The Bangles - Different Light (1986)

Strap on your legwarmers, pop on your shoulder pads and set your hair dryer to stun as we take a retrospective look at our favourite 80s pop records and their influence on current styles.

The 80s had its fair share of female solo acts topping the charts, but girl bands – and I mean girls with guitars – were few and far between. While this is a problem that manifests even today, The Bangles were the girl band that encapsulated the quintessential blend of classic 80s kitsch and a 60s rock inspired sound.

Standing apart from Bananarama’s 80s garishness or The Go-Go’s diluted, new wave sound, The Bangles had their own unmistakable pop-rock vibes. Their 1984 debut had a handful of decent songs but it was their 1986 sophomore release that enabled them to become one of the best-selling all-female groups ever. In Different Light, the group took on a new, slicker direction, catapulting their position into the mainstream. Different Light, however, is typically criticised for The Bangles’ commercial turn, with the band breaking up just three years after its release; a fact mentioned by bassist Michael Steele in a 2003 Guardian interview:

"We were just in this sort of hit machine…the producer knew that this was going to be his shot and so we were sacrificed on the altar of his career…I think Different Light is a really good record. It was just...we kind of got lost in it."

The Bangles as “this sort of hit machine” can be found in their string of hit singles from Different Light, beginning with the Prince-penned "Manic Monday”. The piano-backed track consists of a sappy melodic refrain and the rhyming of “Sunday” with “my-I-don’t-have-to-run-day” is fairly bad, but its sweet, engaging narrative makes for a pretty decent pop song.  The Jules Shear cover “If She Knew What She Wants” is fairly infectious and the funky accents of “Walking Down Your Street” are rather appealing, but it was not until their first number one worldwide hit, “Walk Like An Egyptian”, that The Bangles were propelled to 80s super pop stardom.  The song itself is nauseatingly schmaltzy yet immensely catchy – the groovy whistling, the jangly guitars and the corny dance – the hallmarks of an excellent 80s pop song.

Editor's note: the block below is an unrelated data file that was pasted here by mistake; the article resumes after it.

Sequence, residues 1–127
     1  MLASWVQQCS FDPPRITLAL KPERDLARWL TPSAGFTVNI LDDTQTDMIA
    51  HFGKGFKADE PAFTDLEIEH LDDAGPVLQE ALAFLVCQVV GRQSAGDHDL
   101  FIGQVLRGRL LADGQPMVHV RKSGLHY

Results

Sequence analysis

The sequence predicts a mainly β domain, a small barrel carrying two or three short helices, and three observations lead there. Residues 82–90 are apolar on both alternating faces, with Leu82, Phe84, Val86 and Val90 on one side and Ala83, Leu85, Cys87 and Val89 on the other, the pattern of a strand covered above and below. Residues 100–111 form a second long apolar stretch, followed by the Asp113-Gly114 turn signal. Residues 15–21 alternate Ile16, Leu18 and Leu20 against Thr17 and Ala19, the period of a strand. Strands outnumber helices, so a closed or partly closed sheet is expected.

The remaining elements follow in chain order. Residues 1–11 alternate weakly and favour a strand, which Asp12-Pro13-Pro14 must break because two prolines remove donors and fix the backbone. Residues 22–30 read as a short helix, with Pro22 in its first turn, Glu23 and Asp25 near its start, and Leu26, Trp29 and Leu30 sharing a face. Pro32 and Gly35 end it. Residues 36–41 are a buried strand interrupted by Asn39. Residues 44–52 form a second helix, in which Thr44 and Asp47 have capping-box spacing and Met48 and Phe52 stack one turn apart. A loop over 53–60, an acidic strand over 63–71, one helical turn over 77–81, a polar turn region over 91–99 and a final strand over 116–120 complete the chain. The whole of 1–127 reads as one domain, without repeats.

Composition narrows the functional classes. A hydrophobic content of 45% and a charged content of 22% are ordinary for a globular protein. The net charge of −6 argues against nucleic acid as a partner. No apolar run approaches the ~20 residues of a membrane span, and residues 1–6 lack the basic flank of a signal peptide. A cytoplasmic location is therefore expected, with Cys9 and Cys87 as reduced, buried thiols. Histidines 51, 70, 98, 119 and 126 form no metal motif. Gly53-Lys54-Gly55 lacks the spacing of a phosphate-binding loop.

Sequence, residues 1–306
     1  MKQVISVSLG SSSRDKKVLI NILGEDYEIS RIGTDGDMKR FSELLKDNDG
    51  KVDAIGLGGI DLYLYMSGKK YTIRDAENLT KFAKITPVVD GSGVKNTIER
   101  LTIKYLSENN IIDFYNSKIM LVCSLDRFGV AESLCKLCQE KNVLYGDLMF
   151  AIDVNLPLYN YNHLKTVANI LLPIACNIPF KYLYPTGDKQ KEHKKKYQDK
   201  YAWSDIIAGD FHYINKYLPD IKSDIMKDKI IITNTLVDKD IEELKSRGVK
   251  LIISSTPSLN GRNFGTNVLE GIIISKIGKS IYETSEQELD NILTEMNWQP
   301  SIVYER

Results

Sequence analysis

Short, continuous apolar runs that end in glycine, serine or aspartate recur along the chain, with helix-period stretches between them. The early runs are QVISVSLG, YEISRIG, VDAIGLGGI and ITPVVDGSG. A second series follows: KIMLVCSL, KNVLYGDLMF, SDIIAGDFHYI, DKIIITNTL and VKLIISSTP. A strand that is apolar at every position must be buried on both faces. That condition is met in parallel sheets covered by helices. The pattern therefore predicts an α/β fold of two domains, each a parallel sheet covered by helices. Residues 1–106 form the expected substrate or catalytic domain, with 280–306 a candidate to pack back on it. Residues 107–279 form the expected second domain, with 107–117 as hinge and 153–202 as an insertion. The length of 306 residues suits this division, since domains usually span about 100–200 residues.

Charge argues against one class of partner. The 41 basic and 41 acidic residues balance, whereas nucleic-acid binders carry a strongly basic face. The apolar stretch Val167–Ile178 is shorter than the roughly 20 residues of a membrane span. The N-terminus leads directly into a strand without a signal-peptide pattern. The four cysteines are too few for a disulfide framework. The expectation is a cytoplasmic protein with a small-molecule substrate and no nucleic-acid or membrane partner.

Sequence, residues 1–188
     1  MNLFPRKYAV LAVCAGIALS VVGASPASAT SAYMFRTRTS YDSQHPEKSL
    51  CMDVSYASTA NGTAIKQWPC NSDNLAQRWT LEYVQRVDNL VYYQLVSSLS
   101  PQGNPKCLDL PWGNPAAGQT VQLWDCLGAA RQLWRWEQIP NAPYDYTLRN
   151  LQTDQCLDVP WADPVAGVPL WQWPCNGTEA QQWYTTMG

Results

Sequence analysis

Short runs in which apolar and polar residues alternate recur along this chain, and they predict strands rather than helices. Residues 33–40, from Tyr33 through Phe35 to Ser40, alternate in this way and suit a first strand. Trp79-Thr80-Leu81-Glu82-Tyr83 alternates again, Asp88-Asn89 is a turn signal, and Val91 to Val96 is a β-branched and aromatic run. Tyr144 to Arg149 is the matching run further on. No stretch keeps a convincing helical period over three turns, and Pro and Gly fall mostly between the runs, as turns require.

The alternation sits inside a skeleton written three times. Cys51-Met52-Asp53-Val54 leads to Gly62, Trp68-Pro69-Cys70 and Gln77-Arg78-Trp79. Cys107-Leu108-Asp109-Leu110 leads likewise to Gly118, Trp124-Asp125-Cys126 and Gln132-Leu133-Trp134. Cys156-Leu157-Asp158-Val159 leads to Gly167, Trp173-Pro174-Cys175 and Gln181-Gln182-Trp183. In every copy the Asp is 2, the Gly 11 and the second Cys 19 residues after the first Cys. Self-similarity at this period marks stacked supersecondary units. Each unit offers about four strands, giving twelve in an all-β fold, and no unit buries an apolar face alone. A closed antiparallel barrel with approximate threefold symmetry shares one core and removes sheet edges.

Different Light does come across as a weird, fragmented mix between the band’s front as a “hit machine” and their 60s influences that is reminiscent of other alternative bands in the 80s. “Angels Don’t Fall in Love”, “Not Like You” and “Let It Go” consist of some excellent guitar play that just might pass off as being from The Cure or Orange Juice – that is until lead singer Susanna Hoffs’ breathy vocals and the band’s backup harmonies kick in. “Following”, a ballad composed by Steele, feels almost out of place among the album’s chiefly quicker-paced, snappy tunes.

Yet, Different Light, admittedly, is an inspired record. The clash between The Bangles’ commercial embrace and rock roots contributed to the band’s exceptional success while also further advancing the group’s own undoing. Different Light perfectly encapsulates a band at the beginning of its glorious end, and the songs on the way there are undeniably irresistible.

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